This was definitely my hardest hit since the crash in Mexico. I can’t believe I wan’t suited up. I got just what I deserved. It wasn’t my bloodied elbow or knee that caused me the most concern though. I looked back up whence I came and the ascent looked nearly impossible. As always, pictures do a poor job of capturing “steepness:”
Because of the turn at the bottom, I couldn’t get a running start at it. My first attempt at it went pretty well though, and I made it almost half of the way up.
From here though, it was slow going. I had to push from alongside of Annie while trying to feather out the clutch. We made progress by the foot, but a couple of times I had to intentionally tip her over to keep her from sliding down the hill.
Then I made a BIG mistake.
On one of my attempts, I was pushing and let the clutch all the way out. I thought the rear wheel was spinning as I revved the engine. Suddenly, I realized that the wheel was not moving. If the engine is spinning and wheel is not, that means you are burning up the clutch. I was mortified, as the smell of burning clutch plates wafted through the air.
I waited for about ten minutes, letting everything cool down and trying to convince myself that I wasn’t stranded. These were tense minutes. I knew I wouldn’t have many more opportunities, so I gunned it hard, popped the clutch and blasted the rest of the way up. I’m still not quite sure how I made it.
I rode pretty hard the rest of the way back. I was more worried about taxing the clutch than I was about crashing. Ascending the final hill was a real relief!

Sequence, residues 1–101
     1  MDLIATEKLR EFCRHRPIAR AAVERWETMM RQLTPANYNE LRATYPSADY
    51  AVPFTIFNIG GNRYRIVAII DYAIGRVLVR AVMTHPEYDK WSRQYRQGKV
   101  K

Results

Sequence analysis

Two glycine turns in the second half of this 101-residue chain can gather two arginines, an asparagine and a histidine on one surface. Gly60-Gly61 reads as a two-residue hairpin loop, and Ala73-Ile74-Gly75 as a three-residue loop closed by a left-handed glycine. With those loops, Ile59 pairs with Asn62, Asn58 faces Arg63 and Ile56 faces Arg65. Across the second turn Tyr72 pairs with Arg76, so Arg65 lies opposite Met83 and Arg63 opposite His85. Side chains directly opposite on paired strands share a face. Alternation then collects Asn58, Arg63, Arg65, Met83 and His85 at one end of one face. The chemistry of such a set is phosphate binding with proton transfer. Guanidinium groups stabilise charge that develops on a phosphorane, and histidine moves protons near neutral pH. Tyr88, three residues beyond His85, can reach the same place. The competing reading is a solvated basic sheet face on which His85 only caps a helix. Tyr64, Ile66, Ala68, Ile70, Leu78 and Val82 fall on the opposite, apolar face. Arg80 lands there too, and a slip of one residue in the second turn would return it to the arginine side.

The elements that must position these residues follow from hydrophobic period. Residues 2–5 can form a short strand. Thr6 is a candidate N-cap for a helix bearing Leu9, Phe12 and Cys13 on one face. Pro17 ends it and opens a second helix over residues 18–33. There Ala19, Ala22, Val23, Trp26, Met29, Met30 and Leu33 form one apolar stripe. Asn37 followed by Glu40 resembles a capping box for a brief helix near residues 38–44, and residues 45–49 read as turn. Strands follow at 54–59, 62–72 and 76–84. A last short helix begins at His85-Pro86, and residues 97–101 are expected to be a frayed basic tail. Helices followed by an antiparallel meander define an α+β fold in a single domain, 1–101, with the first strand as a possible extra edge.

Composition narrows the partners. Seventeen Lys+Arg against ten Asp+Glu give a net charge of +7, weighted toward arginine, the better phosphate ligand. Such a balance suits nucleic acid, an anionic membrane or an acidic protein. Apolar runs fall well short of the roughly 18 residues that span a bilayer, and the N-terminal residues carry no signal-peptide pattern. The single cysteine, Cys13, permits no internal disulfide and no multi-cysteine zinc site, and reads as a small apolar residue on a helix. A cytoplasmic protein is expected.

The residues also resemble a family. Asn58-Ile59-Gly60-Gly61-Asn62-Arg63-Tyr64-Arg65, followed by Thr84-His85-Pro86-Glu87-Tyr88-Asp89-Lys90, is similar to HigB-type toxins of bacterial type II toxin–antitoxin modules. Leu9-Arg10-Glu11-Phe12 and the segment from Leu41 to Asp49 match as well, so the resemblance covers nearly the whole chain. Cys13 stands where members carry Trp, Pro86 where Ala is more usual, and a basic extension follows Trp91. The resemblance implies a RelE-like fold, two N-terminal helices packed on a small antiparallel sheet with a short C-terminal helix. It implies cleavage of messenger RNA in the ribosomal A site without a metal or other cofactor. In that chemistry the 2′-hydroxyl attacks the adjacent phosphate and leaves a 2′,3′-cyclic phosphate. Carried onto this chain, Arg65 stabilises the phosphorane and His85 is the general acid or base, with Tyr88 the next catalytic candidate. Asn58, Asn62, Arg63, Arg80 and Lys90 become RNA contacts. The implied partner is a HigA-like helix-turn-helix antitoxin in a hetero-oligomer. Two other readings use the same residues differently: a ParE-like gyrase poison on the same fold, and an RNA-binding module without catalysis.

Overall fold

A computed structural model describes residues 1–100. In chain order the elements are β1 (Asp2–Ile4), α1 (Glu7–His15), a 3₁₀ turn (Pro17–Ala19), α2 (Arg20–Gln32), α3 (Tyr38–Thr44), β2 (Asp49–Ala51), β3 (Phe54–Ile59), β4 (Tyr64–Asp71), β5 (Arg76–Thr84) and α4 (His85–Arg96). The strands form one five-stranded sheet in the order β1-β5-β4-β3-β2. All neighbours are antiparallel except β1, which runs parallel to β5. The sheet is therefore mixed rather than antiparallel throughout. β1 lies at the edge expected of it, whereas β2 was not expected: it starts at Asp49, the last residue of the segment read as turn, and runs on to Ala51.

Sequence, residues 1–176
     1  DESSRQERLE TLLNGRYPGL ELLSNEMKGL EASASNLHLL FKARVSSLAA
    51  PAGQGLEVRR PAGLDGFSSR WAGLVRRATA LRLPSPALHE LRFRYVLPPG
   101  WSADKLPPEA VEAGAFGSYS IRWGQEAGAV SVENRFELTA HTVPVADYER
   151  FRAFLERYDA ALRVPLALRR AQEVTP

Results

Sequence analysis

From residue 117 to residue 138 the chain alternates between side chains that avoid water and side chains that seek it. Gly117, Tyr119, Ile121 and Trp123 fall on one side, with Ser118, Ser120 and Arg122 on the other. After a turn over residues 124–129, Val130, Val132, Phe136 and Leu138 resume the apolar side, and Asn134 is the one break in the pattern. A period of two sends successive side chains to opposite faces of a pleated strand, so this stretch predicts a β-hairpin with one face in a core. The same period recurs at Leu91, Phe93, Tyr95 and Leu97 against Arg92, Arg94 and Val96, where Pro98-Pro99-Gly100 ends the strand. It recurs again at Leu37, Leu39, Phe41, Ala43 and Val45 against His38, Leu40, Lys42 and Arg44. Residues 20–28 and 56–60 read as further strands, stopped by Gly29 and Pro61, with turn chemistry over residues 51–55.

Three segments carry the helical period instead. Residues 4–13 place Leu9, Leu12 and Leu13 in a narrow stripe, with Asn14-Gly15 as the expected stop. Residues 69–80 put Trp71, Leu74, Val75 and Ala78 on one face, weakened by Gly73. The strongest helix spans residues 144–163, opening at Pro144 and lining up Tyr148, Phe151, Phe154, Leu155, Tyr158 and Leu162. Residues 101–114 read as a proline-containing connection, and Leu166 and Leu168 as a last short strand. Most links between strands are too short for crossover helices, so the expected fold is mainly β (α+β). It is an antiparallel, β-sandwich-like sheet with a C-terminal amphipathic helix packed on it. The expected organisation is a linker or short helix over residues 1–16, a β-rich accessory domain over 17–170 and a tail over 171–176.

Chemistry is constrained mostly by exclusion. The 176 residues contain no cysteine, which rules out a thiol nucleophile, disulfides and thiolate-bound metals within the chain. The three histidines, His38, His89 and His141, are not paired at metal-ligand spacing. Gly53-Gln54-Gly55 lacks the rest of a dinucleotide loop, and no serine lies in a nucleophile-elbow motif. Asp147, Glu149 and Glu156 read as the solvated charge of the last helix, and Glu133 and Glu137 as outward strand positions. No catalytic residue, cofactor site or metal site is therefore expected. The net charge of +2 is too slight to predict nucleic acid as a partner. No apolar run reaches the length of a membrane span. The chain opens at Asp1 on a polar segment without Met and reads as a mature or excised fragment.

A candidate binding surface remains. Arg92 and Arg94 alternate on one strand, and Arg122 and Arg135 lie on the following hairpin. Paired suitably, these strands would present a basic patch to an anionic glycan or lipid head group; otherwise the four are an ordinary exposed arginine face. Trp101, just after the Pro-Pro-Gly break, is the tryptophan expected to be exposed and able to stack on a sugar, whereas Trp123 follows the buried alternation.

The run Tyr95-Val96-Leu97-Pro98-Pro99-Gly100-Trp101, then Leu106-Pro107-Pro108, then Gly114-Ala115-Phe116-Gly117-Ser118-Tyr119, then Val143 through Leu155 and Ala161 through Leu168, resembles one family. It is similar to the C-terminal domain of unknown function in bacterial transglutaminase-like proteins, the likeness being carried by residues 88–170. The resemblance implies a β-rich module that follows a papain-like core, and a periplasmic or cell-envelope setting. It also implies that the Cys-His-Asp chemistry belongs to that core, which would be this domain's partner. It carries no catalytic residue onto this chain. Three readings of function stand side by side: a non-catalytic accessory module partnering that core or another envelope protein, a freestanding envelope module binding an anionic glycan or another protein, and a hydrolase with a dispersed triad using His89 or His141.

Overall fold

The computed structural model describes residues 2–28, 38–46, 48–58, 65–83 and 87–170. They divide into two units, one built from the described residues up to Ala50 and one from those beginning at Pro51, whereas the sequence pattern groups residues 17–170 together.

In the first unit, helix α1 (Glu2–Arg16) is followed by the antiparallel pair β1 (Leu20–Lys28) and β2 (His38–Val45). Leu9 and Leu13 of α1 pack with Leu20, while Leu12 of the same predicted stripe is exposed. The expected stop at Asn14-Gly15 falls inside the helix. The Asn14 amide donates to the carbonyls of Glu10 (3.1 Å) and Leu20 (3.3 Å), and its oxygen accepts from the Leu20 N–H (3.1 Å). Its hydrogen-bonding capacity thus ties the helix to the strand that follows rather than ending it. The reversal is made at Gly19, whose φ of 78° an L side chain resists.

(Sorry for the sunscreen on the camera lens)
I don’t take too kindly to a road getting the best of me, so I fully intend to come back here. Next time, however, I’ll probably be on a machine which is 300-400 pounds lighter. 🙂 For now, I decided that this would be my last off-road experience of my journey. We will be sticking just to asphalt from here on. I can quit gravel anytime I want….
Back on the pavement, I realized how much of my clutch was gone. I readjusted to get some free play back in the lever. It was a relief to get back to John’s place and be able to clean up my wounds. About 2/5 of the hair follicles on my left knee were left in Chiapas, Mexico. Another 1/5 or so remain in Catalina. Though I feel bad for my knee, this has given me a great song idea to rewrite the words of “I left my heart in San Francisco.”
I still needed my Catalina picture though, so I headed back out after John made me supper. I decided to find a place in Catalina, at Catalina State Park, with the Santa Catalina mountains behind me.